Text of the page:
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Species profile—Rhodamnia angustifolia (narrow-leaved malletwood)


Plantae (plants) → Equisetopsida (land plants) → MyrtaceaeRhodamnia angustifolia (narrow-leaved malletwood)

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Species details

Plantae (plants)
Equisetopsida (land plants)
Scientific name
Rhodamnia angustifolia N.Snow & Guymer
Common name
narrow-leaved malletwood
WildNet taxon ID
Nature Conservation Act 1992 (NCA) status
Conservation significant
Pest status
Short Notes
status annotated by author
Rhodamnia angustifolia is a single or multi-stemmed tree from 4 to 10 m tall. The bark of the main trunk is smooth but furrowed and somewhat flaking in small angular patches. The leaves are discolorous and are trinerved, mostly narrowly elliptic but occasionally narrowly obovate or falcate, 20 to 70 (-85)mm long by (3-)5 to 12 (-15)mm wide, they are cuneate at the base and obtuse to acute at the apex with flat margins. The adaxial surface is sparsely sericeous becoming glabrous with the oil glands scattered to dense, but usually invisible to the naked eye. The abaxial surface is very shortly and densely tomentose, the lateral, tertiary and intramarginal veins usually prominent. The petioles are 2.5 to 4 mm long and are channelled. The inflorescence is a cluster of 2 to 7 flowers on short shoots less than 1 mm long in the axils of the leaves or leaf scars. The peduncles are rigid and up to 1.5 mm long and shortly sericeous. There are 4 sepals which are distinct in bud, the lobes are free, 0.3 to 0.5 mm long, broadly ovate with the apex rounded to obtuse, sparsely short sericeous above and below, persistent on the fruit. There are 4 petals, alternating with the sepals, yellowish-white in colour and about 2.5 mm long by 3 mm wide, broadly ovate to oblate with a rounded apex, glabrous below. There are 65 to 75 multiseriate stamens, folded centrewards in bud, the filaments 2 to 4 mm long. The style is 4.5 to 5 mm long and is mostly straight. The fruit is a berry that is sub-globose to globose, rounded at the base, 3 to 5 mm long by 4 to 6 mm wide, glabrous or glabrescent, yellowish orange with some red when fresh but increasingly red upon drying. The fruit has 1 or 2 (-4) seeds that are globose to suborbicular to somewhat reniform, smooth and light brown in colour.
With its shortly and densely tomentose lower leaf surfaces and sparse to dense oil glands in the leaves, R. angustifolia shows affinities with R. dumicola, R. whiteana and R. ostata. However its narrowly elliptic leaves immediately distinguish it from these species. (Snow and Guymer, 1999).
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Occurs at the head of Cedar Creek along a single ridgetop and subtending slopes in the Wietalaba National Park (previously State Forest 583), 45 km south of Gladstone (Queensland Herbarium 2012).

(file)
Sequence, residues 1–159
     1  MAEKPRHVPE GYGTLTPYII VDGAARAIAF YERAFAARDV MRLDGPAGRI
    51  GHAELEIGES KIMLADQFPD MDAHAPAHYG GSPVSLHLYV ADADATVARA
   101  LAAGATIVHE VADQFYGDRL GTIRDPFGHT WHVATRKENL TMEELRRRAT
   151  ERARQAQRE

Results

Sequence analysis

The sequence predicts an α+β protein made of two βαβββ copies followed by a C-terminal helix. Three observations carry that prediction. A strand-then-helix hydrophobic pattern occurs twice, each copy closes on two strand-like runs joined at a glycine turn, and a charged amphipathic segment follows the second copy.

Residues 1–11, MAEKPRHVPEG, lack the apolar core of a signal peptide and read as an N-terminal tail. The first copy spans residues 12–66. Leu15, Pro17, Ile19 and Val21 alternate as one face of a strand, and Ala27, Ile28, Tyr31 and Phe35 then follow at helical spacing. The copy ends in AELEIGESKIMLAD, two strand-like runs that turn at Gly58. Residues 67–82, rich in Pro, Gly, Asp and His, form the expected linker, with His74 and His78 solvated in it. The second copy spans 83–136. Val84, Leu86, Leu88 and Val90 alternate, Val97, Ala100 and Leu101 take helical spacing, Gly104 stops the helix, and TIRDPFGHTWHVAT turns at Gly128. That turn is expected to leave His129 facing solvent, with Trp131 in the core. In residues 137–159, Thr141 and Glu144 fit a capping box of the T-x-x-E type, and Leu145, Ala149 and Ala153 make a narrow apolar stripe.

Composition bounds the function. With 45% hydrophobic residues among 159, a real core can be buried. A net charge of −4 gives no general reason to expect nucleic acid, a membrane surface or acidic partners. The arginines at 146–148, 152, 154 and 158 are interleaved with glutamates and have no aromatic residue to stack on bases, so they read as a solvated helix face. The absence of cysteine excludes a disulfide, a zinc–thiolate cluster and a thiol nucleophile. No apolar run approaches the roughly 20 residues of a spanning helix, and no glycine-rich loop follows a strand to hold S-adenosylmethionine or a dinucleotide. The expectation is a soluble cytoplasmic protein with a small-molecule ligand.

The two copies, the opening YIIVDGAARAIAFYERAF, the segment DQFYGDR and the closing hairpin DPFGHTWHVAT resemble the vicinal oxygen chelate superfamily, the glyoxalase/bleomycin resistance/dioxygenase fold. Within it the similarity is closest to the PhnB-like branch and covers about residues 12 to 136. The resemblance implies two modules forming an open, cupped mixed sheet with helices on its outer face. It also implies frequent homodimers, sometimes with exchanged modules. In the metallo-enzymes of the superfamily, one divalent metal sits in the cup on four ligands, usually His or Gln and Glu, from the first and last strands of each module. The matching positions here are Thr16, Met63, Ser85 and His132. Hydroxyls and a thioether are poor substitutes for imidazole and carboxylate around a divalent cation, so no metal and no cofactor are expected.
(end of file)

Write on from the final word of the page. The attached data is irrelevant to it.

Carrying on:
Distributional limits
-23.8957273, 151.2122222
-24.2883334, 151.2575644
Range derivation
Range derived from extent of the taxon's verified records
The species grows in microphyll vineforest with Backhousia subargentea, Barklya syringifolia, Archidendropsis thozetiana, Backhousia kingii, Sterculia quadrifida, Mallotus philippensis, Croton stigmatosus and Araucaria cunninghamii as the dominant tree species. The substrate is reddish or brown loam from mudstones of Muncon volcanics. The elevation range is from 200 to 560 metres (Snow and Guymer, 1999)
Flowering material is known only from the type specimen, collected in November, but given the apparently good condition of abundant young bud material, flowering almost certainly extends into December. Fruiting period confirmed only for January by a single specimen, but likely to begin as early as late November or early December. (Snow and Guymer, 1999)
Threatening processes
The species is threatened by weeds and by the recently introduced alien pathogen myrtle rust (Puccinia psidii). Plants of this species in cultivation in Brisbane are known to be highly susceptible to myrtle rust infection.
Status notes
Rhodamnia angustifolia is listed as Endangered under the Queensland Nature Conservation Act 1992
Queensland Herbarium (2012). Specimen label information. Queensland Herbarium. Accessed 14/02/2012.
Snow, N. and Guymer, G.P. (1999). Austrobaileya 5 (3): 421-426.
Profile author
Ronald Booth (09/07/2012)

Other resources

The Australasian Virtual Herbarium (AVH)
Atlas of Living Australia

Data source

This profile data is sourced from the QLD Wildlife Data API using the Get species by ID function used under CC-By 4.0

This information is sourced from the WildNet database managed by the Queensland Department of Environment and Science.

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Creative Commons Attribution 4.0 International (CC BY 4.0)
Last updated
8 March 2022
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